Evaluating Thin-Client Security in a Changing Threat Landscape
Intel IT’s security team continually analyzes our computing model to determine how it needs to evolve in response to an ever-changing threat landscape. Recent cyber attacks on a number of high-profile targets provided added impetus to re-evaluate the security offered by thin-client models and whether using thin clients could help defend against similar attacks.
We identified five attributes that are often perceived as security benefits in thin clients: prevention of physical data loss, removal of administrative privileges, limitations on installed applications, client integrity, and ability to roll back to a known good state.
We determined that while these controls can contribute to a more secure environment, they would not have prevented the recent cyber attacks from being successful.
Furthermore, we also observed that these controls are not unique to thin clients: Equivalent controls can be, and are, implemented on PCs—without giving up the functionality that is sacrificed with the thin-client model. Where such controls have not been implemented holistically on either thin clients or PCs, the reason is often because they place unacceptable restrictions on user productivity, not because of the client architecture.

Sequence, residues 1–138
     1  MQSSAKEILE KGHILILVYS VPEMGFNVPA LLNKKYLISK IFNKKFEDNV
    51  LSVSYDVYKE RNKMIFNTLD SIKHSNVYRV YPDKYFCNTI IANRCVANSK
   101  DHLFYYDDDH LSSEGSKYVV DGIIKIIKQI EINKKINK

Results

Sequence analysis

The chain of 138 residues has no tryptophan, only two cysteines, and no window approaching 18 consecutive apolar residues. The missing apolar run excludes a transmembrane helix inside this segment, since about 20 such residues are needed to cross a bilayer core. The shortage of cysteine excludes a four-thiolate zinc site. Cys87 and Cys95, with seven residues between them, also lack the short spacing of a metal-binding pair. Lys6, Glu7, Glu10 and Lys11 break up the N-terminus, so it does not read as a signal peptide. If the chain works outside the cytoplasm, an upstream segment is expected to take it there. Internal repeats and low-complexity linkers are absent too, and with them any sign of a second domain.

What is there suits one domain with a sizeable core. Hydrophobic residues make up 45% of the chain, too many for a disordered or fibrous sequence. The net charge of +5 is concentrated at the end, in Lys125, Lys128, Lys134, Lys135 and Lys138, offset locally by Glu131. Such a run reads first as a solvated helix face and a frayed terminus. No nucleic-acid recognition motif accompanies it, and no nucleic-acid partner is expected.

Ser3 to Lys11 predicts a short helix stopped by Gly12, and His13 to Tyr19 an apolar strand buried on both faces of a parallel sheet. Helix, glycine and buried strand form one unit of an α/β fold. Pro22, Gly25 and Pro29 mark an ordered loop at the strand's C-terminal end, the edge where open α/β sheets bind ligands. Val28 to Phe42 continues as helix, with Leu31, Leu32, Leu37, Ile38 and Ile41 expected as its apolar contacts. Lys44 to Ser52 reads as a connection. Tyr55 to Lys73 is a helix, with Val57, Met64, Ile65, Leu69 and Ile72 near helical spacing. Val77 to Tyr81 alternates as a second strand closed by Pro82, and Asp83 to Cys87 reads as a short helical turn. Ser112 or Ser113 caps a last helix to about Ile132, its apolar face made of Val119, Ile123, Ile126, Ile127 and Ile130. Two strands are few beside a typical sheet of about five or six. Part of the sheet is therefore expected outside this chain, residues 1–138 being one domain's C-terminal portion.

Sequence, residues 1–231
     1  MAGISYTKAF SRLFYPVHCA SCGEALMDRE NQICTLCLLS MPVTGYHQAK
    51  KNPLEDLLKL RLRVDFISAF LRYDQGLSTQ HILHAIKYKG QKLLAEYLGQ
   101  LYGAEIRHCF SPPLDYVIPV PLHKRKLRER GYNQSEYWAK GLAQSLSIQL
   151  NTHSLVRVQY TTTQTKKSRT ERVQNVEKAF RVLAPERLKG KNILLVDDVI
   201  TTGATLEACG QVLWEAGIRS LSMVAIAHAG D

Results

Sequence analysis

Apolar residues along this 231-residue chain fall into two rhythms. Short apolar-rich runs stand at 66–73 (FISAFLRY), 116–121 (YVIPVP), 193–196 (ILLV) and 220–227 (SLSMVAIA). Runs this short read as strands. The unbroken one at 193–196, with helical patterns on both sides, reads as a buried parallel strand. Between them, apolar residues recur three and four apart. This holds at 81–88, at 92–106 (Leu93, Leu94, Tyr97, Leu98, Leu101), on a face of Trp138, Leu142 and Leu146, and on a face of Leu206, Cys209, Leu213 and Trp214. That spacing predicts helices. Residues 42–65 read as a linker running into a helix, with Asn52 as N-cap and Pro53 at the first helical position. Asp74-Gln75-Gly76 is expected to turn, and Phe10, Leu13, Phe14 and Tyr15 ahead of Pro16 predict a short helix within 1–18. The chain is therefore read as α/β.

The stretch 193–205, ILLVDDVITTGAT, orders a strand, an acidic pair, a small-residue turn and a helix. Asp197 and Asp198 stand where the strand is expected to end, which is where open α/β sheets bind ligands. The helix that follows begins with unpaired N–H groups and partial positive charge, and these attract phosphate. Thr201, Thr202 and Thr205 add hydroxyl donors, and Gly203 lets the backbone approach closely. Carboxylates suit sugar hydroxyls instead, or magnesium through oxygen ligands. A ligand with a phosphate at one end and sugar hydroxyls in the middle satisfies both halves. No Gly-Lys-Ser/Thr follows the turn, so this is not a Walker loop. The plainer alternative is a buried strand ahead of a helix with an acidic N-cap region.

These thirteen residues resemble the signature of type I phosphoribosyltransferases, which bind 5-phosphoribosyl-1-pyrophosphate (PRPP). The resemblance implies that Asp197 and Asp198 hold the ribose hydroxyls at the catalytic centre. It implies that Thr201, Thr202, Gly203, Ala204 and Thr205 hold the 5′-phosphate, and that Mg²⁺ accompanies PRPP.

We also considered other restrictions and costs of thin clients, including the inability to support mobile computing, highly interactive or compute-intensive applications, and rich media such as video. Thin clients also require significant additional server capacity and network bandwidth. Some thin-client models can also increase the risk of business disruption if an outage occurs within the central network resources upon which the thin client depends.
Read the full Evaluating Thin-Client Security White Paper